Miss Mollie Moscow’s tip, watch out for some new pro skaters coming out of the eastern block with ushanka styled helmets that give additional padding.

Culture Cocktail.
Upcoming opportunities, hope to see you there!
Russian Film Festival @ ACMI Cinemas, Fed square, 5-10 October
For full listings go to
Ah, some cinematic gems from the mother country, a wide range of films are being shown including Stalinist dramas and contemporary St.Petersburg DJ life.

Miss Mollie Moscow’s pick of the festival!..
Piranha Andrei Kavun, 125 mins, Russia, 2006This high-energy action adventure and Russian box office hit has all the bravado and tension of Die Hard, the plot of classic Bond, and the tongue-in-cheek humour of Indiana Jones. Who doesn’t love an action rip-off?!
Sun 8 Oct 8.45pm, Mon 9 Oct 9pm

Na zdrowie! With health! Miss Mollie Moscow. xxx

The Return of The Ushanka

Who is…
Miss Mollie Moscow, Ushanka wearer, Vodka connoisseur, girl about town.

Fashion Passion
The return of the Ushanka.

I know that Spring and Summer is coming upon us but I have to tell you all of the latest fashions coming direct from not only St.Petersburg but also New York City and the secret is that the Ushanka is back! It may not be an item that you will be wearing at the Spring Races but for the cooler months, especially if you are flying to NYC for Christmas or Eastern Europe like me, the ushanka is a must. For the lovers of animals, you can purchase from Russia gorgeous faux fur ushankas that are just as soft and realistic as their rabbit fur counterparts and no one will know the difference. Don’t be fearful by the fact that they are ex-KGB stock, those guys knew how to dress. If Dr.Zhivago is among your movie collection, embrace the ushanka. If I had a dollar for every person that petted my ushanka and commented on how beautiful it was the other week while on a girl’s night out, I’d be buying the Stolichnaya distillery and retiring!

Tommy Hillfiger has just shown a fabulous collection of Ushankas in his last advertising campaign and watch out for the new copy of Vanity Fair with Kate Moss wearing not much more than a white Ushanka.

FYI…Ushanka roughly translates as hat with ear flaps but you can wear the flaps up or down.

Celebrity Sightings
This one is a little old but still a good one. With Aussie Idol hitting our screens again and the return of B grade celebrities with a one-year use by date, it’s still good to see good some real celebrities in Melbourne.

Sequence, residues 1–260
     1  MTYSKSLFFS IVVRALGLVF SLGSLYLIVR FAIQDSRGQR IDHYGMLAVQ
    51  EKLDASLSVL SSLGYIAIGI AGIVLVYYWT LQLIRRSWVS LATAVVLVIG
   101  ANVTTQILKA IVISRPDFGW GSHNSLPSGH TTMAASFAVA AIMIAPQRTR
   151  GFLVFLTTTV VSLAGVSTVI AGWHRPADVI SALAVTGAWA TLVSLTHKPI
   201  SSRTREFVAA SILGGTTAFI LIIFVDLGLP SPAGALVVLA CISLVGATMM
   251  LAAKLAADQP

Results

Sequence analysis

While I was recently at the only Sonic Youth gig in Melbourne, I bumped into the ever crazy and gorgeous Johnny Knoxville of Jackass fame. Between you and me, a can of VB never left Mr. Knoxville’s hand and he was well up for some dancing by the time legends Sonic Youth entered the arena. Knoxville and Steve-O also from Jackass were in the country filming parts for the latest Wolfmother film clip, they are huge fans. And they were on the door list as part of some Very Important Guests of Sonic Youth.

Culture Cocktail.
Upcoming opportunities, hope to see you there!

George Orwell’s 1984 directed by Tim Robbins (from the film The Shawshank Redemption)
Warning course language and nudity.
@ the Arts Centre, Melbourne from 12-15 October bookings at ticketmaster
MMM will be reviewing in upcoming weeks
Forget Big Brother, see the real thing on stage with the adaptation of George Orwell’s classic tale 1984.

Meredith Music Festival – December
Tickets go on sale Tuesday September 12 – book early, they go quickly
This year’s line up includes those crazy Norwegians Datarock, who I saw early this year and are not to be missed! Their blend of groovy dance beats and funny lyrics (including an ode to Molly Ringwald ala Pretty In Pink and another Mollie!) These guys in their matching track suits and hilarious dance moves will be the toast of Meredith!

Na zdrowie! With health! Miss Mollie Moscow. xxx

Thursday, December 7, 2006

My Alter Ego Miss Mollie Moscow

I guess I often felt like an only child seeing my brother is so much older than me so that may explain why I love creating alter egos for myself and producing all sorts of bizarre worlds for them to live in. This is Miss Mollie Moscow, generally she's a bit of a trouble maker. She is a vodka connessieur and girl about town. She's kind of like a Russian Carrie Bradshaw from Sex In the City. She always gets free drinks at fabulous bars and she always has her finger on the pulse. Miss Mollie Moscow (or MMM as some know her as) writes a collumn about general things that are going on. She will post some stories for you all to read in the near future.

Some Stuff that's going to Munich

These are a few tapestries that have been accepted to travel to a huge show in Munich Germany called Talente 2007. The show will be held from 8-14 March 2007.
I'm pretty excited about being accepted as it was my absolute last change to take part in it (you have to be under 30 at time of exhibiting) so essentially I will be too old next year!
I made the slight crazy decision to fly over for a week to see the show and hopefully meet some other young/ish craft masters from all over the world. Apparently there are 90 people exhibiting from 25 countries, though Australia has a huge contingent of 8. We rock the craft world...
The first 2 tapestries are the latest things that I've been working on, the Vogue RSVP is an older work but you can still see my love for depicting people and fashion blah,blah,blah...